This paper focuses on the analysis of the thermal properties of prototype insulation structures produced using SLS and SLA additive technologies. There is a noticeable lack of analysis in the scientific literature regarding the geometry of 3D-printed structures in terms of their thermal properties. The aim of this paper was to analyze printed samples of prototype thermal insulation composite structures and their potential for use in building applications. The research material consisted of closed and open cell foams of varying structural complexity. Increasing the complexity of the composite core structure resulted in a statistically significant decrease in the value of the thermal conductivity coefficient λ and the heat transfer coefficient U, and an increase in the thermal resistance Rc. The experimental results showed that the geometric structure of the air voids in the material is a key factor in regulating heat transfer. The control of porosity in materials produced by additive technology can be an effective tool for designing structures with high insulation efficiency. The best performance of the prototype materials produced by the SLS method was a three-layer cellular composite with a gyroid core structure. It was also shown that the four-layer gyroid structure panels with an outer layer of metallized polyethylene film produced using 3D SLA printing had the best thermal insulation. As a result, the analysis confirmed the possibility of producing energy-efficient insulation materials using 3D printing. These materials can be used successfully in construction and other industries. Further research will significantly improve the quality, accuracy, and speed of printing insulation materials, reduce the negative impact on the natural environment, and develop intelligent adaptive solutions. Full article
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19 pages, 46658 KiB  
Article
Comparison of the Field Trapping Ability of MgB2 and Hybrid Disc-Shaped Layouts
by Michela Fracasso, Roberto Gerbaldo, Gianluca Ghigo, Daniele Torsello, Yiteng Xing, Pierre Bernstein, Jacques Noudem and Laura Gozzelino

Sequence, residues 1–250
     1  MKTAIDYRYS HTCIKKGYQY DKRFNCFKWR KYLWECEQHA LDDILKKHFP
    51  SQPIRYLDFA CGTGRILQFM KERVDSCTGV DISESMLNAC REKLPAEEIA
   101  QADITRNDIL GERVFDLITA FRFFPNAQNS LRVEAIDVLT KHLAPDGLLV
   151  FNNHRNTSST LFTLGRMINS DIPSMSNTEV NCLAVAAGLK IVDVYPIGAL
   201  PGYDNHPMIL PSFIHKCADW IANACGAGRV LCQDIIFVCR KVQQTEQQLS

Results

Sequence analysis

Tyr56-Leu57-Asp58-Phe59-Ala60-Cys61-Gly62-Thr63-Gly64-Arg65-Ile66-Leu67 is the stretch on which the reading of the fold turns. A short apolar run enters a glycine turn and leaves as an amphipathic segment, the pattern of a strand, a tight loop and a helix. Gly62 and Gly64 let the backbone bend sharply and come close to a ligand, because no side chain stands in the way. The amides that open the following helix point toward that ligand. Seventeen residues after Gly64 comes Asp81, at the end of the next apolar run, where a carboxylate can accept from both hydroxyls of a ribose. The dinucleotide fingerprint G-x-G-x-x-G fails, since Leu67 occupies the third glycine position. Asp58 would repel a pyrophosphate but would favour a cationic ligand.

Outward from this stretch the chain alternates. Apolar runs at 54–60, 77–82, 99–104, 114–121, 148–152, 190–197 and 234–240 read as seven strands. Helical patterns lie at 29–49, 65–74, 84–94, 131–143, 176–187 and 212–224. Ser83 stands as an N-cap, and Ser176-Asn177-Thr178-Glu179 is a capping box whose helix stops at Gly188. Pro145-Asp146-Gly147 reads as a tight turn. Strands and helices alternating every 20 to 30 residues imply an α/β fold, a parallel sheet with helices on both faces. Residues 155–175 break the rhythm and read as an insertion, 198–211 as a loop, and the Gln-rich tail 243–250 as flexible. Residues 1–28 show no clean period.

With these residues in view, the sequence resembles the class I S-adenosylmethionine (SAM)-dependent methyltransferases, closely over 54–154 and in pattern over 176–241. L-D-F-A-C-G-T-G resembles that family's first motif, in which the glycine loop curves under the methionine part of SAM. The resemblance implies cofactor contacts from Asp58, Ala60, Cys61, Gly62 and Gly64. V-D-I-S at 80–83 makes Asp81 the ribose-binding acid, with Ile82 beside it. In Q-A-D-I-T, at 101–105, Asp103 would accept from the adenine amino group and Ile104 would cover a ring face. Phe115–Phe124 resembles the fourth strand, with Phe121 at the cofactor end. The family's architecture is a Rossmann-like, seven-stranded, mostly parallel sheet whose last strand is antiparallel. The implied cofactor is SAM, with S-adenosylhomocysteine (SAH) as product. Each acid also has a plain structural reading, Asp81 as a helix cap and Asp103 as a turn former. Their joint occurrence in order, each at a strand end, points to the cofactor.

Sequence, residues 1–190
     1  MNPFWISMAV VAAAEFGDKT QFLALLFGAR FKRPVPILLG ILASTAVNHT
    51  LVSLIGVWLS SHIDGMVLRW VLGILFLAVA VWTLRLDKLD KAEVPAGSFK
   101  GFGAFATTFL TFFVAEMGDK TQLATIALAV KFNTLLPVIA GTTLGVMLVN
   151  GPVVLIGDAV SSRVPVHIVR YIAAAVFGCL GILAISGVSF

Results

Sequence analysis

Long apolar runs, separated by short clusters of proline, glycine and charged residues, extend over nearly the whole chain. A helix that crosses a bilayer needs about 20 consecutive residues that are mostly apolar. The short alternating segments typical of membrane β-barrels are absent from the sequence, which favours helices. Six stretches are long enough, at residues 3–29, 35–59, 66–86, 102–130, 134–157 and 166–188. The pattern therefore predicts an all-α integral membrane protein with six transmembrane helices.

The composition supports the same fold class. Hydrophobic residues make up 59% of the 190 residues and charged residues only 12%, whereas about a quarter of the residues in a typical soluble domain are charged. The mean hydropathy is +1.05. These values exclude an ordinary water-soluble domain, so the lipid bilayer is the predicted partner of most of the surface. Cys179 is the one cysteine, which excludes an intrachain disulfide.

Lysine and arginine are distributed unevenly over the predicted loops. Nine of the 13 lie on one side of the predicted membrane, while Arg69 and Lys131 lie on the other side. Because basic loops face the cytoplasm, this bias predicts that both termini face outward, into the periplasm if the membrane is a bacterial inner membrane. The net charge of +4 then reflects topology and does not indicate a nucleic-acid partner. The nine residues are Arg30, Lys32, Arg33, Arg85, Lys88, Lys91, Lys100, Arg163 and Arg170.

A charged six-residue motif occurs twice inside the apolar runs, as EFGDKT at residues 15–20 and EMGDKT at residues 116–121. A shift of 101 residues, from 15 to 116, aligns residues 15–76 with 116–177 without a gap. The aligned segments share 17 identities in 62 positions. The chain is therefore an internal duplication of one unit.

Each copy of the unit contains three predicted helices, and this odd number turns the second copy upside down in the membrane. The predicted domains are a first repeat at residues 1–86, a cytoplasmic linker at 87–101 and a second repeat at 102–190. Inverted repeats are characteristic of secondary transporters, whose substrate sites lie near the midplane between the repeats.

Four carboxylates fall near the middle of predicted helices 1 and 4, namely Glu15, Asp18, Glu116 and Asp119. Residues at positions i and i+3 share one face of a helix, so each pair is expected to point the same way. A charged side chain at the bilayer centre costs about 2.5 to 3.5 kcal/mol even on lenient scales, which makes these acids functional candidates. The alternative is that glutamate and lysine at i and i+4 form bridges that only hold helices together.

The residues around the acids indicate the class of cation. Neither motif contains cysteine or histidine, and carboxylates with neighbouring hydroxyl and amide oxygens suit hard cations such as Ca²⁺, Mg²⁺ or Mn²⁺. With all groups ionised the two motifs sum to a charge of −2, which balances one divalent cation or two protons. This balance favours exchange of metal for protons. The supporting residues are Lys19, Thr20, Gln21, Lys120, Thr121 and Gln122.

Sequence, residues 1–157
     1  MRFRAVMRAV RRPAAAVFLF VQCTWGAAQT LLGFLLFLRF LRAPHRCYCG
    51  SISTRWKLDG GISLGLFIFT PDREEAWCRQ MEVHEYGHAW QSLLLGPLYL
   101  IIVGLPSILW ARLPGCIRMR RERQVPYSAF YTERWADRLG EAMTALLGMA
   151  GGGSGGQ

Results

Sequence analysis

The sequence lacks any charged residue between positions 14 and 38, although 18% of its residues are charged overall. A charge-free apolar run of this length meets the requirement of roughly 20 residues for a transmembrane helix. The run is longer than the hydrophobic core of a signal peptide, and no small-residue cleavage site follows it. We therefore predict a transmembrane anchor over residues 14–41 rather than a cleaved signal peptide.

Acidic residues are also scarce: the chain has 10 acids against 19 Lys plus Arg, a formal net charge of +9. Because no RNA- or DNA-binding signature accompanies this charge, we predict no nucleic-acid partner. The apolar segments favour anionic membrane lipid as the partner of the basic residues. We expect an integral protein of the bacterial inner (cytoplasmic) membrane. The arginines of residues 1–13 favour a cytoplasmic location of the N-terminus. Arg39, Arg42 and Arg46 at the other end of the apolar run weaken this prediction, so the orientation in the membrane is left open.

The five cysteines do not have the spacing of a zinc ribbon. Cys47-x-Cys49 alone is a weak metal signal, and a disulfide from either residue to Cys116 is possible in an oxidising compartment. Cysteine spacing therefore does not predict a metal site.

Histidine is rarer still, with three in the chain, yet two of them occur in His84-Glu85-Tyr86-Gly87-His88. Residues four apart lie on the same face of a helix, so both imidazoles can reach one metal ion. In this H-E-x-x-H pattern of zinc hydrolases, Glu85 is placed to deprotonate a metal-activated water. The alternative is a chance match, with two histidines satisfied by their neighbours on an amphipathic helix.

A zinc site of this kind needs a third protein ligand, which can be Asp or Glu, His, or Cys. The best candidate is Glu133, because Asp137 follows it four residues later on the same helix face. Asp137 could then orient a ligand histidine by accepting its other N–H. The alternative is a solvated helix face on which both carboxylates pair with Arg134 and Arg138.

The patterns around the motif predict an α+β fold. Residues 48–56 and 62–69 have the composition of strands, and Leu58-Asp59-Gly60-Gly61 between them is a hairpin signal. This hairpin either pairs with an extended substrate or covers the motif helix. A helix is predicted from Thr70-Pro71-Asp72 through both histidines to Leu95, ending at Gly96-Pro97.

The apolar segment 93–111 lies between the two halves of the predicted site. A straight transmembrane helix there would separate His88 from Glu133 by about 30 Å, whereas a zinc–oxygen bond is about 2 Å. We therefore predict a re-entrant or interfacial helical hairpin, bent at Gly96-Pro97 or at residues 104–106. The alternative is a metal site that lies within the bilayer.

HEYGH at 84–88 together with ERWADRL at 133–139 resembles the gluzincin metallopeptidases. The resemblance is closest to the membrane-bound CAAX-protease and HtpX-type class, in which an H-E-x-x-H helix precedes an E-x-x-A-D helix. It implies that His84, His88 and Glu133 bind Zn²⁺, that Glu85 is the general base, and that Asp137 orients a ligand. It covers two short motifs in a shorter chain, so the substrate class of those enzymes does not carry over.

Materials 2024, 17(5), 1201; https://doi.org/10.3390/ma17051201 - 05 Mar 2024
Viewed by 550
Abstract
Superconductors have revolutionized magnet technology, surpassing the limitations of traditional coils and permanent magnets. This work experimentally investigates the field-trapping ability of a MgB2 disc at various temperatures and proposes new hybrid (MgB2-soft iron) configurations using a numerical approach based [...] Read more.
Superconductors have revolutionized magnet technology, surpassing the limitations of traditional coils and permanent magnets. This work experimentally investigates the field-trapping ability of a MgB2 disc at various temperatures and proposes new hybrid (MgB2-soft iron) configurations using a numerical approach based on the vector potential (A) formulation. The experimental characterization consists in measurements of trapped magnetic flux density carried out using cryogenic Hall probes located at different radial positions over the MgB2 sample, after a field cooling (FC) process and the subsequent removal of the applied field. Measurements were performed also as a function of the distance from the disc surface. The numerical modelling of the superconductor required the evaluation of the critical current density dependence on the magnetic flux density (Jc(B)) obtained through an iterative procedure whose output were successfully validated by the comparison between experimental and computed data. The numerical model, upgraded to also describe the in-field behavior of ARMCO soft iron, was then employed to predict the field-trapping ability of hybrid layouts of different shapes. The most promising results were achieved by assuming a hollow superconducting disc filled with a ferromagnetic (FM) cylinder. With such a geometry, optimizing the radius of the FM cylinder while the external dimensions of the superconducting disc are kept unchanged, an improvement of more than 30% is predicted with respect to the full superconducting disc, assuming a working temperature of 20 K. Full article
(This article belongs to the Special Issue Novel Superconducting Materials and Applications of Superconductivity)
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13 pages, 10214 KiB  
Article
Influences of Composite Electrodeposition Parameters on the Properties of Ni-Doped Co-Mn Composite Spinel Coatings
by Wei Tong, Weiqiang Wang, Xiayu Leng and Jianli Song
Materials 2024, 17(5), 1200; https://doi.org/10.3390/ma17051200 - 05 Mar 2024
Viewed by 459
Abstract
To enhance the comprehensive performance of solid oxide fuel cells (SOFCs) ferritic stainless steel (FSS) interconnectors, a novel approach involving composite electrodeposition and thermal conversion is proposed to prepare Ni-doped Co-Mn composite spinel protective coatings on FSS surfaces. The process involves the composite [...] Read more.